The Traditional Airline Business Model is Dead

Sep 21, 2011

The Airline Business Model is Dead, by John Malmo

Memphis, TN – The life of an airline chief marketing officer must be absolute hell. For all but Southwest, airline brand stature in America is in the toilet. They hemorrhaged money. Cut flights. Cut people. Cut cities. Cut advertising. Raised fares. Added extra fees for everything but the co-pilot. The traditional airline business model doesn't work anymore.

A few weeks ago, I arrived in Halifax two days before my bag. Only when I asked for it did they give me a lost-bag-kit. The toothbrush was so tiny I could get only three fingers on it. The handle bent like rubber, and the bristles started falling out at the first brushing. The toothpaste ran out before my bag arrived. A tiny deodorant capsule was too small to grip.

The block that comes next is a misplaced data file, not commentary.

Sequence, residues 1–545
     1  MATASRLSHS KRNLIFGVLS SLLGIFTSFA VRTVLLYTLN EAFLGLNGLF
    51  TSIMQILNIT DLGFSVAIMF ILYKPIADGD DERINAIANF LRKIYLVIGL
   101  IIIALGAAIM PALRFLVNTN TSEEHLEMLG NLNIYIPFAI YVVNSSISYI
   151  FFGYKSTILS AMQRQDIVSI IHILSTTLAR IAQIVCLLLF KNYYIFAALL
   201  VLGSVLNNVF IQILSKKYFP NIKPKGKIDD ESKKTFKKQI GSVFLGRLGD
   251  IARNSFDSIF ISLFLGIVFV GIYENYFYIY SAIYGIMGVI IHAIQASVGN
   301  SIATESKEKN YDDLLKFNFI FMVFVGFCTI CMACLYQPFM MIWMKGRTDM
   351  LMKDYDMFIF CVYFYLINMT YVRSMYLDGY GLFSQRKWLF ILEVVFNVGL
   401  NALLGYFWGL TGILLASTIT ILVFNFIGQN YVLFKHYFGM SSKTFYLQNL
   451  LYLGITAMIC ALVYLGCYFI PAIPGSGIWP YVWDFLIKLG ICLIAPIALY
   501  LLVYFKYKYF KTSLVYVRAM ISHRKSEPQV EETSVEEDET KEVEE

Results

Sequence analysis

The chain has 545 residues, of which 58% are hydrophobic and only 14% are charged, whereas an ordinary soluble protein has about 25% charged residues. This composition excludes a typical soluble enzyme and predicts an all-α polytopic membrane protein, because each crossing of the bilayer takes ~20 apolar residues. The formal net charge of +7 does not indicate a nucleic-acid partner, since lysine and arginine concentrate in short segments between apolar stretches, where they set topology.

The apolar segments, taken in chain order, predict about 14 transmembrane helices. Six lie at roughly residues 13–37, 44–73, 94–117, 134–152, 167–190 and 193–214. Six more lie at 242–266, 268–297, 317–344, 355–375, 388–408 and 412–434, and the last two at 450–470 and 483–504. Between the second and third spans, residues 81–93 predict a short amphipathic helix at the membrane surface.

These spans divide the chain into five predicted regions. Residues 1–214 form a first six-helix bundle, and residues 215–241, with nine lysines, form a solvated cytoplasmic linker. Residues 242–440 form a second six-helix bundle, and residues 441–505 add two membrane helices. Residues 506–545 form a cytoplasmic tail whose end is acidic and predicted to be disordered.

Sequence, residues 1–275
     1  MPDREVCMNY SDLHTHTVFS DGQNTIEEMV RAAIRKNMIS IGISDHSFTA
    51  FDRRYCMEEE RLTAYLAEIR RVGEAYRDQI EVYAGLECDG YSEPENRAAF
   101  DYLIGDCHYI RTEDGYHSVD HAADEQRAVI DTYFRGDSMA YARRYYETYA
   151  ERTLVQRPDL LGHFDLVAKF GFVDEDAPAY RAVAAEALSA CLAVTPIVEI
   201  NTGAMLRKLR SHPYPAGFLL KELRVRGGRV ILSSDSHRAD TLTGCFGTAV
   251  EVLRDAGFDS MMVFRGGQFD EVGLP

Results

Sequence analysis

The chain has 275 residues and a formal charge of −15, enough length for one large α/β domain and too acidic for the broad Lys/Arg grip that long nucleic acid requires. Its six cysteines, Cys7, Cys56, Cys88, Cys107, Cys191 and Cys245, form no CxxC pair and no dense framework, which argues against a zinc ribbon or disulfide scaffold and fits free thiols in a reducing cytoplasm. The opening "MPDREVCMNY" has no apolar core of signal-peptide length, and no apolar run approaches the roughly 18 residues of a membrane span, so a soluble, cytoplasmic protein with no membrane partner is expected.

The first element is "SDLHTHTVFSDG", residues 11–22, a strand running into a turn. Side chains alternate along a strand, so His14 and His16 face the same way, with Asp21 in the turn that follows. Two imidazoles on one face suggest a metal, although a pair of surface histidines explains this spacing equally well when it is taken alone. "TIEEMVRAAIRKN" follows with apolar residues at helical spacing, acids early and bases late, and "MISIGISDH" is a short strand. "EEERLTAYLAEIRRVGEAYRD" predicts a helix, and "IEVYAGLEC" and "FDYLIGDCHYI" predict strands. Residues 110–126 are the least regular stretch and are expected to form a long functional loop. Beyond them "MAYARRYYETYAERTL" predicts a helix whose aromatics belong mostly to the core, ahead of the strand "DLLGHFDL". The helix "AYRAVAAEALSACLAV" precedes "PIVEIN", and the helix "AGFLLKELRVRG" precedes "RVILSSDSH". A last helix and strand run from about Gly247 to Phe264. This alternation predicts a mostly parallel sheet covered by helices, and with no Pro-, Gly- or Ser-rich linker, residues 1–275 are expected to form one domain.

Common sense should tell any airline person that among his unhappiest customers is one who arrives two days before his bag. So you should put in a lost-bag-kit items that are usable. Then you learn that airlines lose three-thousand bags an hour. Twenty-five million a year. Nobody even counts the tens of millions of bags that are delivered late?

Another buck for a decent lost-bag-kit is just a dollar more you'd have to pay for the co-pilot. The traditional airline business model is so deep in the flush cycle that even common sense won't save it.

John Malmo is a marketing consultant who concentrates on helping business owners grow their businesses with effective marketing. To reach Mr. Malmo, hear and read more of his commentaries, or ask him a direct question, go to

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